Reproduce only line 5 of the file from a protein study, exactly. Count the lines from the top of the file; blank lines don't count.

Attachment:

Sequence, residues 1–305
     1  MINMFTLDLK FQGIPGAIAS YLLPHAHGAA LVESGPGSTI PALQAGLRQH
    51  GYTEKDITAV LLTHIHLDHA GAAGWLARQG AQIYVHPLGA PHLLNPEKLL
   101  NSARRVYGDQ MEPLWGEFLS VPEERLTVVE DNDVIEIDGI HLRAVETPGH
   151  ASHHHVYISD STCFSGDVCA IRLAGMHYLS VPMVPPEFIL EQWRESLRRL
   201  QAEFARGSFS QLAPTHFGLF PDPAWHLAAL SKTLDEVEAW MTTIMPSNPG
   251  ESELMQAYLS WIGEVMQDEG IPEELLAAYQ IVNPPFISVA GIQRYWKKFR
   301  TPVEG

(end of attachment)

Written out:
   151  ASHHHVYISD STCFSGDVCA IRLAGMHYLS VPMVPPEFIL EQWRESLRRL